Fantastic Universe was a U.S. science fiction magazine which began publishing in the 1950s. It ran for 69 issues, from June 1953 to March 1960, under two different publishers. It was part of the explosion of science fiction magazine publishing in the 1950s in the United States, and was moderately successful, outlasting almost all of its competitors. The main editors were Leo Margulies (1954–1956) and Hans Stefan Santesson (1956–1960); under Santesson's tenure the quality declined somewhat, and the magazine became known for printing much UFO-related material. A collection of stories from the magazine, edited by Santesson, appeared in 1960 from Prentice-Hall, titled The Fantastic Universe Omnibus.Frank Frazetta
Frank Frazetta (born Frank Frazzetta (); February 9, 1928 – May 10, 2010) was an American fantasy and science fiction artist, noted for comic books, paperback book covers, paintings, posters, LP record album covers and other media. He was the subject of a 2003 documentary.
Frazetta was inducted into the comic book industry's Will Eisner Comic Book Hall of Fame in 1995 and the Jack Kirby Hall of Fame in 1999.From Beyond the Unknown
From Beyond the Unknown was the title of an American science fiction comic book series published by DC Comics from 1969 to 1973.Gardner Fox
Gardner Francis Cooper Fox (May 20, 1911 – December 24, 1986) was an American writer known best for creating numerous comic book characters for DC Comics. Comic book historians estimate that he wrote more than 4,000 comics stories, including 1,500 for DC Comics. Gardner was also a science fiction author and wrote many novels and short stories.
Fox is known as the co-creator of DC Comics heroes the Flash, Hawkman, Doctor Fate and the original Sandman, and was the writer who first teamed those and other heroes as the Justice Society of America and later recreated the team as the Justice League of America. Fox introduced the concept of the Multiverse to DC Comics in the 1961 story "Flash of Two Worlds!"List of science fiction and fantasy artists
This is a list of science fiction and fantasy artists, notable and well-known 20th- and 21st-century artists who have created book covers or interior illustrations for books, or who have had their own books or comic books of fantastic art with science fiction or fantasy themes published. Artists known exclusively for their work in comic books are not included. Many of the artists are known for their work in both the fantasy and sf fields. Artists who have won the Hugo Award, the World Fantasy Award, or the Chesley Award are noted, as are inductees into the Science Fiction Hall of Fame.Lucy Lane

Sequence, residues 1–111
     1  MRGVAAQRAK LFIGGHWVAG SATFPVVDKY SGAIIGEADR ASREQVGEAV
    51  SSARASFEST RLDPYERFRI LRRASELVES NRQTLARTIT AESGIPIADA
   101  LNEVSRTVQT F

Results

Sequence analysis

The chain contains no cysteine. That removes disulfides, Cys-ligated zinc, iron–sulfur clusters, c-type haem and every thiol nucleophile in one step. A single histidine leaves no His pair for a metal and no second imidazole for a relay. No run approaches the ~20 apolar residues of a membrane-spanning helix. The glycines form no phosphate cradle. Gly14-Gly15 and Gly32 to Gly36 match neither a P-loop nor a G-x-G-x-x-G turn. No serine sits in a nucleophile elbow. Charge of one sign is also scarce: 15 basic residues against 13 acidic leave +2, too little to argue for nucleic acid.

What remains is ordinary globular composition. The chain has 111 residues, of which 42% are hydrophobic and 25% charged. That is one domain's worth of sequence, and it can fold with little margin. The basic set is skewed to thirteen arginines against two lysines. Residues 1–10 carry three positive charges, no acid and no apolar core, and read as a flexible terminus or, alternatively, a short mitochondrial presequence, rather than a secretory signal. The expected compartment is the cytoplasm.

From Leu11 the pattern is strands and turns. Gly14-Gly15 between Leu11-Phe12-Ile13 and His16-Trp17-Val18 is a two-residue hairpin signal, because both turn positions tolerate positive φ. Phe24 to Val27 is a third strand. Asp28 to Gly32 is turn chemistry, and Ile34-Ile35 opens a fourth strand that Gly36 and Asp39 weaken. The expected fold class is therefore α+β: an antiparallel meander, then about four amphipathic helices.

Lucy Lane is a fictional supporting character in DC Comics. She is the younger sister of Lois Lane, and one of several characters who has assumed the Superwoman identity. Maureen Teefy portrayed her in the 1984 movie Supergirl, Peyton List in the television series Smallville and Jenna Dewan in the series Supergirl.Nobody Knows Anything
"Nobody Knows Anything" is the 11th episode of the HBO original series The Sopranos. Written by Frank Renzulli and directed by Henry J. Bronchtein, it originally aired on March 21, 1999.Out of This World Adventures
Out of This World Adventures was a pulp magazine which published two issues, in July and December 1950. It included several pages of comics as well as science fiction stories. It was edited by Donald A. Wollheim and published by Avon. Sales were weak, and after two issues Avon decided to cancel it.Tales of the Unexpected (comics)
Tales of the Unexpected was a science fiction, fantasy, and horror comics anthology series published by DC Comics from 1956 to 1968 for 104 issues. It was later renamed The Unexpected although the numbering continued and it ended at issue #222 in 1982. The title was revived as a limited series in 2006.Venture Science Fiction